• 3. Scene #1: Customer Loyalty Host Lee Smart started by posing this question to the audience: Most of my customers are: I antagonistic I indifferent I engaged I fans Within seconds, interactive TurningPoint devices across the theatre were busily engaged. Minutes later, the results were in and a chart appeared onscreen. And the survey showed: According to the survey, 48 percent of customers are either indifferent or antagonistic, a startling finding that got the panel talking. UNDERSTANDING dissatisfaction in their attitude, while “We need to tailor it to them and ANTAGONISM Chris noted that the work and effort personalize it. poured into converting antagonists How? According to Hung, customer “We’re doing something wrong will filter across the rest of the service is about the sales people on when almost 20 percent of customers consumer groups, even the fans. the floor. Your brand is represented are not happy,” said Wal-Mart’s by your people. Chris Johnston. CREATING FANS For grocers, product availability, The panel agreed that antagonists Pointing out that the survey showed convenience and freshness drives are the most dangerous consumers. that 20 percent of customers are loyalty, according to an IBM survey People share bad news much more fans, the panel noted that brand six month ago. The economy also quickly than good news. However, is paramount. Look at the loyalty affects advocacy behaviour. In dire the factors that create antagonism Apple generates. On the other hand, times, loyalty can change very quickly. or support might be outside of the a store focused on replenishment Price can influence customers to control of retailers. In today’s social (convenience store) or a transaction switch to discount stores. media environment, opinions spread (Money Mart) has limited potential in a viral fashion. Although loyalty fac- In an abrupt shift to the theatre of the to inspire fan behaviour. tors can be out of the retailer’s control, absurd, discussion was halted by an Although more fans are derived retailers need to understand how to unexpected visit from self-proclaimed from brand than customer service, influence the ‘buzz’ around their store. ‘retail guru’ Dr. Dash Walmsley, author the key for winning fans is to create of Mad Dash: 20 Tips to Making a Run So the question for retailers is: expectations and then consistently for Success. To the strains of “ANY How can we influence perceptions meet and exceed them. WAY YOU WANT IT,” Dr. Walmsley to create brand advocates? According “Caring and empathy is part of our bounded to the stage. Calling to Gartner’s Hung LeHong, it takes challenge,” Chris said. “Take the time himself an ‘experi-expert’ (someone more than just putting a corporate to understand, so that the customer who specializes in the customer profile on Facebook. The company’s feels you relate to them, understand experience), Dash proclaimed, “I am Web presence should also involve their needs and their values – and no egghead. I cut my chops in the providing access to helpful tools then react accordingly.” stores and on the floors, observing, and interactive features. learning, eating, sleeping and dream- “In order to meet customer expecta- Ryerson’s Liz Evans pointed out that ing the customer experience.” Laugh- tions, you have to know what they indifferent customers are dangerous ter – but not much learning – ensued. want,” IBM’s Susan Confort noted. too, because there is an inherent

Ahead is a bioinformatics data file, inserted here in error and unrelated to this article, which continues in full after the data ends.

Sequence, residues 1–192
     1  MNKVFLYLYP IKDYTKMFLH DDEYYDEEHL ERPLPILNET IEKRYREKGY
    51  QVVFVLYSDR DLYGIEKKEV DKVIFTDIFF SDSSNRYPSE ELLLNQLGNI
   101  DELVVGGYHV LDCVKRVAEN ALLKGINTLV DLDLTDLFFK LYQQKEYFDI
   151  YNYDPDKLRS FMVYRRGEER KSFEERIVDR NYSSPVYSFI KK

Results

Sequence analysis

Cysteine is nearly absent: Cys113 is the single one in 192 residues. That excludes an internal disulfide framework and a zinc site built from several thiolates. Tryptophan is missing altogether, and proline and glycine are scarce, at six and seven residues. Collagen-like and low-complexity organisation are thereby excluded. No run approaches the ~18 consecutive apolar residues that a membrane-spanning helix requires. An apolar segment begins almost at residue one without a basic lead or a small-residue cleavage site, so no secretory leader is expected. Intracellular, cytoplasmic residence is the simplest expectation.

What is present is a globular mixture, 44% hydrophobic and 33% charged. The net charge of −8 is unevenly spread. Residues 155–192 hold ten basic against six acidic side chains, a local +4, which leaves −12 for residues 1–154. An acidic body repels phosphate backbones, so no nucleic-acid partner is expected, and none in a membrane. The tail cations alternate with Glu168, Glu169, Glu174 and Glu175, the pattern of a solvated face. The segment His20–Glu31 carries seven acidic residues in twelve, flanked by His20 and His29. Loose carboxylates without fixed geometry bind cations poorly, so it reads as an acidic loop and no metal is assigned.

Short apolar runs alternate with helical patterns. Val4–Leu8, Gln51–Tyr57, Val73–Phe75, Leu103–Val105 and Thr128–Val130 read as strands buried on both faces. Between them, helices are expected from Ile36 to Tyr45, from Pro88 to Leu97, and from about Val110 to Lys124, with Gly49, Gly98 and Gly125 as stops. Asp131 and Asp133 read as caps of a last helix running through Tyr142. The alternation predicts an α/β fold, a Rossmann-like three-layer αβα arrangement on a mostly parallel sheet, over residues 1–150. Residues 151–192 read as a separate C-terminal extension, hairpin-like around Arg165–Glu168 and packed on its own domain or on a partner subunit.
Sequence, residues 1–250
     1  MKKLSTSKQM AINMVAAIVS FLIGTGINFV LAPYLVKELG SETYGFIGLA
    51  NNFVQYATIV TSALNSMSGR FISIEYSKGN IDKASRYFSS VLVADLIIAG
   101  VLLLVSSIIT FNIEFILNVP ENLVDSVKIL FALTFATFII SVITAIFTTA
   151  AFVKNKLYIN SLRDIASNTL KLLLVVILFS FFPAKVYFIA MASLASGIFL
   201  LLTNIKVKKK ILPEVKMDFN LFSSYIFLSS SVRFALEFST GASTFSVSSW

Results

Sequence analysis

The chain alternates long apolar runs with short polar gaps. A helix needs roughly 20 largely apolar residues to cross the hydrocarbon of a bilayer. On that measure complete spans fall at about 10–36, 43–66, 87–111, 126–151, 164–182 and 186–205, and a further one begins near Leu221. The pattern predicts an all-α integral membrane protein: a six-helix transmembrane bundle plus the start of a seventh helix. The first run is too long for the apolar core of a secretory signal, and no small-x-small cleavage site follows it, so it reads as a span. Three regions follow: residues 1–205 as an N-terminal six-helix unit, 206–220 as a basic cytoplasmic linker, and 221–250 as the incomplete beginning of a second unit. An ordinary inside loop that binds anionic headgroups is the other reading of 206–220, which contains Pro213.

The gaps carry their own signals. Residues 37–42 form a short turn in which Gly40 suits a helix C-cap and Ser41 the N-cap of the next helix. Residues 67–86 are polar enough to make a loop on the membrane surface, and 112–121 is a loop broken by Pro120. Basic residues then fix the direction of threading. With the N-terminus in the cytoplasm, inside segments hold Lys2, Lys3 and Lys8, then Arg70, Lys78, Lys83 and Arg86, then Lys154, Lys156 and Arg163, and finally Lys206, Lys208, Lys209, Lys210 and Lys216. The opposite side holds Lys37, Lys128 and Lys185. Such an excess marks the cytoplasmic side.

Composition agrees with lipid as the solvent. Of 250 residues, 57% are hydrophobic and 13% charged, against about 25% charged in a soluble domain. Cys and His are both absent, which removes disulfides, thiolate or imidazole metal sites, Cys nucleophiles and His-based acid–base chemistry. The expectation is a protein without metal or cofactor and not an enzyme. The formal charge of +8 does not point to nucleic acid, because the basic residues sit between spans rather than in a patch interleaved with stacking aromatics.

• 4. Scene #2: Improving the Customer Experience Lee Smart asked the audience to answer the following question using their TurningPoint devices: As a consumer, the most important driver of the customer experience is: I Well-trained/attentive staff I Merchandise (breadth of selection/in stock) I Store layout/appearance I Loyalty program/tailored offers I Multi-channel presence (shop the way you want) Within minutes, a bar chart appeared on the onstage screen. And the survey showed: THE IMPORTANCE OF MULTI-CHANNEL Remember, a fair price and good loca- MERCHANDISE tion precedes the customer experi- PRESENCE AND LOYALTY ence. But price is not the ultimate PROGRAMS According to a decisive majority of driver of fan behaviour. respondents, merchandise selection Liz was surprised by the low score What is required is creating the and availability is the most important for multi-channel presence. “Often, perception of overall value. That’s part of the customer experience. the Internet shopping component where consumers become brand This stirred some discussion precedes the in-store experience. advocates. If you achieve that, you’re amongst the panelists. Customers want to know if items are satisfying customers across many in stock before getting to the store.” Chris wasn’t surprised by the results. other planes: merchandise, product “At the end of the day, if they don’t Susan agreed. “Tech-savvy young quality, speed of service, breadth of get merchandise right, nothing else people expect to be able to make selection, and price. matters. With the right insights, purchases anytime, anywhere. And Due to ‘contractual obligations’ you’ll create the right products.” they won’t tolerate anything less.” Lee Smart once again welcomed Hung agreed merchandise is crucial. And the merits of loyalty programs? Dr. Walmsley back to the stage. “Gartner surveys show that in-stock The panelists agreed that successful Bounding forward, Dash yelled, and easy to find merchandise are loyalty programs are about cash dis- “Bring on the retail noise!” then the most important considerations counts to customers, convenience, claimed that turning customers into for customers, although that varies and quickly receiving benefits. brand advocates was his ‘wheel- by retail segment. The product is the house.’ The trick? “Give them candy DELIVERING OVERALL bottom line. That label is in your closet, of course! People love candy. VALUE and you’re either happy with that brand You get more flies with honey than or not, and it’s a reminder of the retail “Again, it’s all about customer with vinegar. It’s like drugs, but experience.” expectations,” Hung noted. “At a cheap and legal.” Susan noted that the store experience gourmet grocery store, customers can be fun, but merchandise is still expect a certain experience. If you vital. She said that IBM research shows don’t deliver, you’ll disappoint. In the that there certainly are segments, like discount store, speed at the checkout grocery, where merchandise is most and breadth of merchandise are key important. Fair price is also an impor- components of the value.” tant driver for those segments.